'Can anything be more idiotic than certain people who boast of their foresight? They keep themselves officiously preoccupied in order to improve their lives: they spend their lives in organising their lives. They direct their purposes with an eye to a distant future. But putting things off is the biggest waste of life: it snatches each day as it comes, and denies us the present by promising the future. The greatest obstacle to living is expectancy, which hangs upon tomorrow and loses today. You are arranging what lies in Fortune's control and abandoning what lies in yours. What are you looking at? To what goal are you straining? The whole future lies in uncertainty: live immediately' - Seneca, On the Shortness of Life, page 13 of the Penguin Great Ideas edition (trans. C.D.N. Costa).
Sunday, 28 August 2011
Tuesday, 9 August 2011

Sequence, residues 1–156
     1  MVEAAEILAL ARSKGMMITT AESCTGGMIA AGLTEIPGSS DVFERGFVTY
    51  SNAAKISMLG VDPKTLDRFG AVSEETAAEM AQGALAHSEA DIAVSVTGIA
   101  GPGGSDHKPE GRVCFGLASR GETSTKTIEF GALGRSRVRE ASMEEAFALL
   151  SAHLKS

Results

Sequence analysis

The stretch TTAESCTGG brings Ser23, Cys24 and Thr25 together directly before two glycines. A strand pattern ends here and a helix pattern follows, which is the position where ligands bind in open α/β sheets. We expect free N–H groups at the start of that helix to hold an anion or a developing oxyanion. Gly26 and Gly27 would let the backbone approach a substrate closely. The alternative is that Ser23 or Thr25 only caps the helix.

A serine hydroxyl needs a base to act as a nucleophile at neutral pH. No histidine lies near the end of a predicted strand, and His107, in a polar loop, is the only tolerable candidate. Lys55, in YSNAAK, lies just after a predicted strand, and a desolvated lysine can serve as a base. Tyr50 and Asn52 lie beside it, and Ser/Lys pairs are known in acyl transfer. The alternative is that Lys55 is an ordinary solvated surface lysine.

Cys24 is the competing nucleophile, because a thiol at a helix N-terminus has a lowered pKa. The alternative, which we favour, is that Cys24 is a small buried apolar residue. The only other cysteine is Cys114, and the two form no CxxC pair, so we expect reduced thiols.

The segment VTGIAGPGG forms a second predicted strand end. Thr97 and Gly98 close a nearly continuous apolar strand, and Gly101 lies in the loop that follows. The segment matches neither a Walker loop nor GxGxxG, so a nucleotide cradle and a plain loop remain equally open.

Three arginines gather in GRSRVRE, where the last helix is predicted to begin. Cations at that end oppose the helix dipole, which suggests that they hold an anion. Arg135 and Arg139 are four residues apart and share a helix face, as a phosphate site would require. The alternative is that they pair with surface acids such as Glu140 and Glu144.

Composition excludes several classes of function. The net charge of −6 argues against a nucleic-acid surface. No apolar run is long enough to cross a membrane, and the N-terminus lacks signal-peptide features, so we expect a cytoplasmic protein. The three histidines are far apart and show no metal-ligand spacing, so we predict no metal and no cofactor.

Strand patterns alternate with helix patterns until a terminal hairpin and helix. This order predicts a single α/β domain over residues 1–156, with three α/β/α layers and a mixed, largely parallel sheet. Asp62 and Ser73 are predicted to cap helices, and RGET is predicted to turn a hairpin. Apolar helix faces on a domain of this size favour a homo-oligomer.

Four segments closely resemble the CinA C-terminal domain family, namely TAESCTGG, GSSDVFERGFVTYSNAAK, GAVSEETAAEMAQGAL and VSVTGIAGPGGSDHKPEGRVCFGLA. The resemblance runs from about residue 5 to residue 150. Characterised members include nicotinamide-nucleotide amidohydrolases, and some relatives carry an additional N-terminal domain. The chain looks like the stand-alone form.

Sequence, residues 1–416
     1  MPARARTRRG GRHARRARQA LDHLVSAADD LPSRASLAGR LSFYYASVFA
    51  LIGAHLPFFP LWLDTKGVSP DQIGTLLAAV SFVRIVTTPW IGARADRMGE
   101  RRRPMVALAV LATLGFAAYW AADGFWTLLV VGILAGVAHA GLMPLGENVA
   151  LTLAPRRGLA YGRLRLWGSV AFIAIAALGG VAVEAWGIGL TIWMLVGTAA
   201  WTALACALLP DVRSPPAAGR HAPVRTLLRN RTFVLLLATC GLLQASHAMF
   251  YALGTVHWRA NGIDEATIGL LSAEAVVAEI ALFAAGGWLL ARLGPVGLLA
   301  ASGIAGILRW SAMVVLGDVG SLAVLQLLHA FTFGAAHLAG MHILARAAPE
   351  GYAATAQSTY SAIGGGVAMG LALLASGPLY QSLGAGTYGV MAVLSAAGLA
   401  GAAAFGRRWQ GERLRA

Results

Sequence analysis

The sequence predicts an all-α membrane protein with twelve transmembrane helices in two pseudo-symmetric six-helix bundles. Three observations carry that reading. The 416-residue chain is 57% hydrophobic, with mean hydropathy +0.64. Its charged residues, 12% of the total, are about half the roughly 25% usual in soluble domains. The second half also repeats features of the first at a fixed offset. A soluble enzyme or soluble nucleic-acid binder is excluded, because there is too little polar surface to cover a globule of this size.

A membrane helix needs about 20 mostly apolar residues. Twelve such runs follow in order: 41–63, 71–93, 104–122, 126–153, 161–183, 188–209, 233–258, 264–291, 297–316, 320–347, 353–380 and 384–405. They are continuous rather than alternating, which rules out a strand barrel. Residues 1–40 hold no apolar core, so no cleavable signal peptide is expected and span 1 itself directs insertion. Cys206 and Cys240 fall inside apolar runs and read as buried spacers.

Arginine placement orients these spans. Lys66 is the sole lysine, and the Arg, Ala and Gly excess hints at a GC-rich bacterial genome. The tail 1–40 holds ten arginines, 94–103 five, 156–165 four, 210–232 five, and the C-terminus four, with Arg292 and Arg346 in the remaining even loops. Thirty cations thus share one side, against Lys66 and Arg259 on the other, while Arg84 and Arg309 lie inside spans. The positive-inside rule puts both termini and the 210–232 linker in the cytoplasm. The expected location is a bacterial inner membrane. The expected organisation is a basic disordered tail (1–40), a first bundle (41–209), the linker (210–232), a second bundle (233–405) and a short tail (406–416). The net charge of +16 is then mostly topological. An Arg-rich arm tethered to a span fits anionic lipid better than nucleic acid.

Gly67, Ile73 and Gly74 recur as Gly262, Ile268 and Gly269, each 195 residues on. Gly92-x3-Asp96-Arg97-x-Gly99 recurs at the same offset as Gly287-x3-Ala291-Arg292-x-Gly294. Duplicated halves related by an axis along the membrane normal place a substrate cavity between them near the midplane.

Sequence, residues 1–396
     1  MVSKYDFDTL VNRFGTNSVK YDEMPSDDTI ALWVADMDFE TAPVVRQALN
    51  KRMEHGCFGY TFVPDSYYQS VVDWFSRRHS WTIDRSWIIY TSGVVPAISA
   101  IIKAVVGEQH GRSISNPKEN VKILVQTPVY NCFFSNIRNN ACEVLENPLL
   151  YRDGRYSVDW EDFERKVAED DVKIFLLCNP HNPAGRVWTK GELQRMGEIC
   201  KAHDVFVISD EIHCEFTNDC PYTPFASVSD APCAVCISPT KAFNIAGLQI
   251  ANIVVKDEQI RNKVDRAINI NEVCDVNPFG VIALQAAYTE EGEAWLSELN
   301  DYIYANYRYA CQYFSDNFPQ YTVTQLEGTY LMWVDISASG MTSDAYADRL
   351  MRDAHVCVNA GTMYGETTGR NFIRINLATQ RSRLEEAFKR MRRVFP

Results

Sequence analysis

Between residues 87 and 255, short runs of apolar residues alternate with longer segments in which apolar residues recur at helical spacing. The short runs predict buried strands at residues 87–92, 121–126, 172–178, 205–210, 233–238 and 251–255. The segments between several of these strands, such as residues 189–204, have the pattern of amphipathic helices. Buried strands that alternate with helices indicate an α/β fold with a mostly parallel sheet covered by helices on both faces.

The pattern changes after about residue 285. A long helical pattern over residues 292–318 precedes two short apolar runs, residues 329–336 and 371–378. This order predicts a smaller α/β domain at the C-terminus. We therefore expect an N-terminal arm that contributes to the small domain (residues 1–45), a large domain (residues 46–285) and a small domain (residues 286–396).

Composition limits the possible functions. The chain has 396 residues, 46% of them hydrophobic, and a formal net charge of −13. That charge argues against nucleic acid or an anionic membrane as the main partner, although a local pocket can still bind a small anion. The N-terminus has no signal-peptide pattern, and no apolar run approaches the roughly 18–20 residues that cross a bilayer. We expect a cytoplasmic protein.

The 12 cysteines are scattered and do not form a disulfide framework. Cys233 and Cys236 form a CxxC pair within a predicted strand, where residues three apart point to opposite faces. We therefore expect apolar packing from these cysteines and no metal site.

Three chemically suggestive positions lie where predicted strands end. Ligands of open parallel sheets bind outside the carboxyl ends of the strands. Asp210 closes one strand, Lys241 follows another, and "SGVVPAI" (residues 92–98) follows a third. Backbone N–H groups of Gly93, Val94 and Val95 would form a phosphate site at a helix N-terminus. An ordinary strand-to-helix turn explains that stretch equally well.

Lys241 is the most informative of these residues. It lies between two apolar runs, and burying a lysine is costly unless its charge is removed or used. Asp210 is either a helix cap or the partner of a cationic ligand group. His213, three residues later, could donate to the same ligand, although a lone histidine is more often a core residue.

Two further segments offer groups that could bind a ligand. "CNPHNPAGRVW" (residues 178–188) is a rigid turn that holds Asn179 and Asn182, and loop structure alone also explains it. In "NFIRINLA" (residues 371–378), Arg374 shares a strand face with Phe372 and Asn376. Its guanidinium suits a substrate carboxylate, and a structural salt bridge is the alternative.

'Conceived as a partner piece to the David, Bandinelli's Hercules and Cacus (1534) was designed as a personal emblem of Cosimo I and a symbol of Florentine fortitude. Benvenuto Cellini described the musclebound figure as looking like "a sackful of melons", and it's a sobering thought that the marble might well have ended up as something more inspiring. In the late 1520s...Michelangelo offered to carve a monumental figure of Samson to celebrate the Republic's latest victory over tyranny; other demands on the artists time put paid to this project, and the stone passed to Bandinelli, who duly vented his mediocrity on it' – The Rough Guide to Tuscany & Umbria, page 88.